Lime (material)

Lime is a general term for calcium-containing inorganic materials, in which carbonates, oxides and hydroxides predominate. Strictly speaking, lime is calcium oxide or calcium hydroxide. It is also the name for a single mineral (native lime) of the CaO composition, occurring very rarely.[1] The word "lime" originates with its earliest use as building mortar and has the sense of "sticking or adhering."[2] Lime can also refer to a sticky substance (birdlime) smeared on branches to catch small birds.

These materials are still used in large quantities as building and engineering materials (including limestone products, concrete and mortar) and as chemical feedstocks, among other uses. Lime industries and the use of many of the resulting products date from prehistoric periods in both the Old World and the New World.

The rocks and minerals from which these materials are derived, typically limestone or chalk, are composed primarily of calcium carbonate. They may be cut, crushed or pulverized and chemically altered. "Burning" (calcination) converts them into the highly caustic material quicklime (calcium oxide, CaO) and, through subsequent addition of water, into the less caustic (but still strongly alkaline) slaked lime or hydrated lime (calcium hydroxide, Ca(OH)2), the process of which is called slaking of lime.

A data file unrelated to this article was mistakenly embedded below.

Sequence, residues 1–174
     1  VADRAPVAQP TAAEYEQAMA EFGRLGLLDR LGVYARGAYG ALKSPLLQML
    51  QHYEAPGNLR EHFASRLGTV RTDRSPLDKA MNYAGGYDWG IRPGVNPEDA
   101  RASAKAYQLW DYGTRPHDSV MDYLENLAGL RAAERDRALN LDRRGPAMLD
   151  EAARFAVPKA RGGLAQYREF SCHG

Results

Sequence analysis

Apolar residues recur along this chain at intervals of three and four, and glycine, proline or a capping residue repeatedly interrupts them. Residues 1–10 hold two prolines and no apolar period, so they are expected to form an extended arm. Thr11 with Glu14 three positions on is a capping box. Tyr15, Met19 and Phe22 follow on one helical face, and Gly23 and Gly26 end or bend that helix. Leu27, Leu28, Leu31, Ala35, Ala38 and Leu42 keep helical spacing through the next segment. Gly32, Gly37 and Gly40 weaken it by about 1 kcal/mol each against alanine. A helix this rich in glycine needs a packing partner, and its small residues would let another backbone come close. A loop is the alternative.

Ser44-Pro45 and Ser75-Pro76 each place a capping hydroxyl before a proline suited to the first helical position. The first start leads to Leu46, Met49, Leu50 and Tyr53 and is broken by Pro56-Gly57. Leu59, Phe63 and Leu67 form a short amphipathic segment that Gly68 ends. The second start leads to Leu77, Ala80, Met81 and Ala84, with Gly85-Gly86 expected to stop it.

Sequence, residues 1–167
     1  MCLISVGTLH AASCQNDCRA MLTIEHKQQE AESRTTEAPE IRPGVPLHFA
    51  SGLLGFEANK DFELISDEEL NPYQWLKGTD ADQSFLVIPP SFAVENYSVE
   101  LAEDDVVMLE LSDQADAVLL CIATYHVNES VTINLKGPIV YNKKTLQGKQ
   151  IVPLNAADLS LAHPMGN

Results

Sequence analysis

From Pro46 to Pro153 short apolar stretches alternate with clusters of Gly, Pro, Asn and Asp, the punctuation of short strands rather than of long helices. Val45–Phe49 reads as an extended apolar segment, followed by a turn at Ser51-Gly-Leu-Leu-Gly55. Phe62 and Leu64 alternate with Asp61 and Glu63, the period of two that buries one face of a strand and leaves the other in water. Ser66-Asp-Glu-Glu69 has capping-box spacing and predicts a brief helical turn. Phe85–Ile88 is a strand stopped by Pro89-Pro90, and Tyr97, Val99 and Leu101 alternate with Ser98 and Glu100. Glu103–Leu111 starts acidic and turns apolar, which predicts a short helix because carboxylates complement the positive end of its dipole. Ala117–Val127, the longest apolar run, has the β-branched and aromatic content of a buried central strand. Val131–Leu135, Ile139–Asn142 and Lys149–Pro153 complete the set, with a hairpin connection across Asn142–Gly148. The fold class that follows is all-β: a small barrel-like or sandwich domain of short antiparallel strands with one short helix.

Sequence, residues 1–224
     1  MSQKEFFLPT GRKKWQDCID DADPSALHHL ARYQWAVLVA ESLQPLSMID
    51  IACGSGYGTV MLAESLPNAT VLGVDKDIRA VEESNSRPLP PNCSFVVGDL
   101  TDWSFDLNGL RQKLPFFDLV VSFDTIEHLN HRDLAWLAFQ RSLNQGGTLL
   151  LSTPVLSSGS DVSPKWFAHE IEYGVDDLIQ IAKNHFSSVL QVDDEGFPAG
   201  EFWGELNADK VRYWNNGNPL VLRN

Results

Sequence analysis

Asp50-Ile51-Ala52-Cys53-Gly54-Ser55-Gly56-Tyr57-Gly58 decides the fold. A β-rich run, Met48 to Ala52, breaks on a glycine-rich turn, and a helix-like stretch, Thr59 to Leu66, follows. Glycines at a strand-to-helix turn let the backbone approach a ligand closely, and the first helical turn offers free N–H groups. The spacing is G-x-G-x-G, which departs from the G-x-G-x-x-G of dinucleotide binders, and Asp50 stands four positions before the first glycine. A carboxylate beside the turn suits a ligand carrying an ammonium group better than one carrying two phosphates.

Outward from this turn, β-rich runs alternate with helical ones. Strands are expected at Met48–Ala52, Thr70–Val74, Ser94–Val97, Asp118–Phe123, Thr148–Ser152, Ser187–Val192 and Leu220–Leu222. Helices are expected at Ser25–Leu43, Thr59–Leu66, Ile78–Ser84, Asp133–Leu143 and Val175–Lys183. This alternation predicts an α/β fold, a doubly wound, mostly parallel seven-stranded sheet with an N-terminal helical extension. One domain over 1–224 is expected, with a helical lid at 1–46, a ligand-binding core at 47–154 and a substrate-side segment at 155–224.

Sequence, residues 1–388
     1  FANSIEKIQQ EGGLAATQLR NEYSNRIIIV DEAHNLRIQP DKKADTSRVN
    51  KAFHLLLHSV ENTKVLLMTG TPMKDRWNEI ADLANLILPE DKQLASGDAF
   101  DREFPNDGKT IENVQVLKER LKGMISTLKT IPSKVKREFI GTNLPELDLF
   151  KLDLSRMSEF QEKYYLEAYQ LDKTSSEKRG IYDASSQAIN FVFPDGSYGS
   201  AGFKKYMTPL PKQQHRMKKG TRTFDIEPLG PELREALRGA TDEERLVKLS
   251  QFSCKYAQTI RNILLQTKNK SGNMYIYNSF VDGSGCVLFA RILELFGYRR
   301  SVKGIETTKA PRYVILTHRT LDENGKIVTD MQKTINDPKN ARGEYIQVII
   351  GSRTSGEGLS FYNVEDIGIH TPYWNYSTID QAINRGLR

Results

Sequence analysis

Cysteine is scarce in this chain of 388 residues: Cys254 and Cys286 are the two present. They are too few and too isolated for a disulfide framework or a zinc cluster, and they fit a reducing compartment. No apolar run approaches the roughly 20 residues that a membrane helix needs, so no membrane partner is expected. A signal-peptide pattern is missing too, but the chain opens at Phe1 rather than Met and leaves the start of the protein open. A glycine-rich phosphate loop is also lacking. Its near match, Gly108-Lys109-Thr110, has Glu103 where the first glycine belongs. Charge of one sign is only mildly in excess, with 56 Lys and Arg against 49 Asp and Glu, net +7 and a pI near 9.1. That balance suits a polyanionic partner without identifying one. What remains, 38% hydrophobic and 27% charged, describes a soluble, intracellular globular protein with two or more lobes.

When the term is encountered in an agricultural context, it probably refers to agricultural lime. Otherwise it most commonly means slaked lime, as the more dangerous form is usually described more specifically as quicklime or burnt lime.

The limestone quarry at Akselberget, Brønnøy, Norway. Author: Thomas Bjørkan

The limestone quarry at Akselberget, Brønnøy, Norway

Lime production process
Quicklime is produced according to the reaction: CaCO3 + heat → CaO + CO2. Lime is used extensively for waste water treatment with ferrous sulphate.
  • Quicklime can be hydrated, i.e., combined with water.
Hydrated lime, known as slaked lime, is produced according to the reaction: CaO + H2OCa(OH)2

See also
  1. ^ International Mineralogical Association: Commission on New Minerals, Nomenclature and Classification; Database online at . Accessed 20 Sept 2011.
  2. ^

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